Open Letter Regarding Thomas Pogge (a few updates)


Over 160 academics have signed an open letter regarding the allegations of sexual harassment and professional misconduct of Thomas Pogge, Leitner Professor of Philosophy and Professor of Political Science at Yale University, including at least 16 of his colleagues at Yale.

The letter reads:

We, the undersigned, are writing in the wake of the recent reports of allegations against the Leitner Professor of Philosophy and Professor of Political Science at Yale, Thomas Pogge, to express our opposition to sexual harassment and sexual misconduct in higher education. Such behavior undermines efforts to create an inclusive and respectful climate for education and research.

Allegations against Pogge contained in a federal civil rights complaint were recently reported in BuzzFeed News and subsequently independently reviewed by the Huffington Post.[1],[2] According to those who have reviewed the complaint, it includes dozens of pages of supporting documents alleging that Pogge has engaged in a long-term pattern of discriminatory conduct, including unwanted sexual advances, quid pro quo offers of letters of recommendation and other perks, employment retaliation in response to charges of sexual misconduct, and sexual assault. Included in the complaint are affidavits from former colleagues at Columbia University,[3] who attest that Pogge was accused of sexual harassment by a student in his department, and disciplined for this.[4],[5] In the wake of the recent reports, at least one other allegation has surfaced.[6] All of the public allegations to date have been made by women of color.[7]

In his public response, Pogge has addressed allegations by only one claimant, suggesting that she has financial motives for pursuing her case. In an attempt to provide support for his point, he selectively (and without permission) appended the personal emails of the complainant, his former undergraduate thesis student.[8] These emails in no way support the intimation of extortion.[9]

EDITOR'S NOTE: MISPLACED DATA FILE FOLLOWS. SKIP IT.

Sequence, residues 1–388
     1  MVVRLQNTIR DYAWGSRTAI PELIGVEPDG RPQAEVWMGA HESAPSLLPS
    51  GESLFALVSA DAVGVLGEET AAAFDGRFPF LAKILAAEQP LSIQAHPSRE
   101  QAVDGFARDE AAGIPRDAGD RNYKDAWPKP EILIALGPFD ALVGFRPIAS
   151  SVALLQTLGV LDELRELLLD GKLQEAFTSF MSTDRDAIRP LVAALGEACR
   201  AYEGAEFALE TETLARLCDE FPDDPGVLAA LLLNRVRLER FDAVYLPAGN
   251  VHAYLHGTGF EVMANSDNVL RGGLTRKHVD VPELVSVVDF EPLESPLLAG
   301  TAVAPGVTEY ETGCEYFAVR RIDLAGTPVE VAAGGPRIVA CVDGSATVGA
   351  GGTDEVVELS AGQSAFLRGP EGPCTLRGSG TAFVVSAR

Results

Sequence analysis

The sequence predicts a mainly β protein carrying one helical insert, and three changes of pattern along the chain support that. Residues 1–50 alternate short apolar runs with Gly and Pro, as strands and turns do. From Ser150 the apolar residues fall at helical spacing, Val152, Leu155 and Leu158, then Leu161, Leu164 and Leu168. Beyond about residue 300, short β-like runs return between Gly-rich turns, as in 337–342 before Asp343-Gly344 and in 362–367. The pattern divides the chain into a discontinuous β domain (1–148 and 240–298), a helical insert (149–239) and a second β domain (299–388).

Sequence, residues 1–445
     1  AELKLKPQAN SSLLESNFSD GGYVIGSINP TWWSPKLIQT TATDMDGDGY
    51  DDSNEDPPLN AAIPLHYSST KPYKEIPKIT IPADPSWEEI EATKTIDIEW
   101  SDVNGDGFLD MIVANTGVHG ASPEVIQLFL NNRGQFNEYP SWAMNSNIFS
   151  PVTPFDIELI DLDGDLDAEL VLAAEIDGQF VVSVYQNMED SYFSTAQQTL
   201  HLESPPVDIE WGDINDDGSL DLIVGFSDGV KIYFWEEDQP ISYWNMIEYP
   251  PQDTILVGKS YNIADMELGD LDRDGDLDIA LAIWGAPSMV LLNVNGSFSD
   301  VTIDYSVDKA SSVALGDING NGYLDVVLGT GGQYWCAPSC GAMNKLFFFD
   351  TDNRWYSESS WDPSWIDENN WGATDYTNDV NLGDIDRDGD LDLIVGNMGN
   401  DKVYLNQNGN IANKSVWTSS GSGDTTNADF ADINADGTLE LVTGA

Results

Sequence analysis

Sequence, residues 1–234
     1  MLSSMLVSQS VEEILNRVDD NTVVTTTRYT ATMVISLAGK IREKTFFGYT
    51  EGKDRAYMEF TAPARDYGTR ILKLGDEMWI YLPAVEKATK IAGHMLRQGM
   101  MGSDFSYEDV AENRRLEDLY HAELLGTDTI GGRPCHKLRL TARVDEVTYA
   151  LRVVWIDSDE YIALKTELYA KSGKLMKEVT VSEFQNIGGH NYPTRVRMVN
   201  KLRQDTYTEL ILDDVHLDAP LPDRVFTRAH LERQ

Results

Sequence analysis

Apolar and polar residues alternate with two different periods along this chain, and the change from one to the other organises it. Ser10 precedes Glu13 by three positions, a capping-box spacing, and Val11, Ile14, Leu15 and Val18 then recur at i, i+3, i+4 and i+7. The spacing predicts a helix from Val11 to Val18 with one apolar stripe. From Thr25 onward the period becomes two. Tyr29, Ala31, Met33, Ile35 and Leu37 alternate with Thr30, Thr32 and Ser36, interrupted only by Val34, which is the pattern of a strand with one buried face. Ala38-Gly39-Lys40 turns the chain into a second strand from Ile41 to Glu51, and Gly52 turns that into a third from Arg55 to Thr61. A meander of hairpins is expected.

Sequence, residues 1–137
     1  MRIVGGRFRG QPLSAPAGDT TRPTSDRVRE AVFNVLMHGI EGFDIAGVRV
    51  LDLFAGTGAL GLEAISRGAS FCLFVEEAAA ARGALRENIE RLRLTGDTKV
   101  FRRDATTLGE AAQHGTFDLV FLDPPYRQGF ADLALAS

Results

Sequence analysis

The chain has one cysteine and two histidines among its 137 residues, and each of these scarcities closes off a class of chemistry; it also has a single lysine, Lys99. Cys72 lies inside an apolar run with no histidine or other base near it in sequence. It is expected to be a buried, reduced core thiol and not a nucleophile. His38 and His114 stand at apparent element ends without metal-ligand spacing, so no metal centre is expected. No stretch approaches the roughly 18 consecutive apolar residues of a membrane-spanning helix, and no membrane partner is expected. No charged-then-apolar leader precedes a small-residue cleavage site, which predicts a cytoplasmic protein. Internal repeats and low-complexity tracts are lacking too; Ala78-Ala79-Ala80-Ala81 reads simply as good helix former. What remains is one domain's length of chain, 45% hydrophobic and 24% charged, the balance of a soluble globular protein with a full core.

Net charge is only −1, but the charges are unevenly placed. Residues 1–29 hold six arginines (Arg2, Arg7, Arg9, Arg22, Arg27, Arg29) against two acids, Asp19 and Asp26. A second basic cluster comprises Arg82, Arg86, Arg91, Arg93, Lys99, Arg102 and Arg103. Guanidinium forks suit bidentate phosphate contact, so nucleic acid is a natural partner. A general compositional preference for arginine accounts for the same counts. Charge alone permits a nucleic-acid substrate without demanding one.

We hope that investigation of the civil rights complaint will shed further light on this matter. But bringing the complaint to resolution will be a long and complex process focused more on Yale’s handling of these claims, rather than on the specific allegations against Pogge. Meanwhile, the academic community must make its own decision about how to respond in light of what has been made public. We write, then, to express our belief that the information now in the public domain—including that provided by Pogge himself in the aforementioned email correspondence—suffices to demonstrate that Pogge has engaged in behavior that violates the norms of appropriate professional conduct. Nothing is more important to our philosophical community than the trust he has betrayed. Based on the information that has been made public, we strongly condemn his harmful actions toward women, most notably women of color, and the entire academic community.

You can add your name to the letter here.

UPDATE:

Related items —

UPDATE 2 (6/21/16):

What did those at Yale involved in hiring Pogge know? From an article at Yale Daily News:

When asked whether sexual misconduct allegations were brought to his attention during the recruitment of Pogge, Kagan demurred, saying it was not his place to confirm or deny the allegations. Kagan added that had accusations against Pogge been brought to his attention, he would have discussed them with the administration.

So instead of saying “¬P,” Kagan says “P→Q.” That’s rather roundabout.

Another item from that article:

According to the Yale College Programs of Study, which was released on June 16, Pogge is currently slated to teach two classes in the fall and two in the spring.

UPDATE 3 (6/22/16):

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Thomas Pogge

Thomas Pogge

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stingray
stingray
5 years ago

“But bringing the complaint to resolution will be a long and complex process focused more on Yale’s handling of these claims, rather than on the specific allegations against Pogge.” Long is an understatement. A recent Huffington Post article (http://www.huffingtonpost.com/entry/title-ix-investigations-sexual-harassment_us_575f4b0ee4b053d433061b3d) described complainants who have been waiting for — literally — years just to hear whether the Office for Civil Rights will even investigate their complaint.Report

Effie
Effie
5 years ago

Thank you, signatories — because of you, the Yale University administration can no longer refuse to comment on this serious, pervasive issue.Report

Heidi Howkins Lockwood
Heidi Howkins Lockwood
5 years ago

Many thanks to all those who signed. I’m saddened by the fact that this was necessary, and that getting to this point has required the courage of so many victims, informants, and activists, all of whom have made significant sacrifices and will receive nothing in return. Public shunning is a last resort, to be used in cases in which the formal university channels fail — in this case, due to technicalities about the boundaries of jurisdiction, and perhaps also due to a lack of will. We’re lucky to live in a time and place in which free speech is an option.Report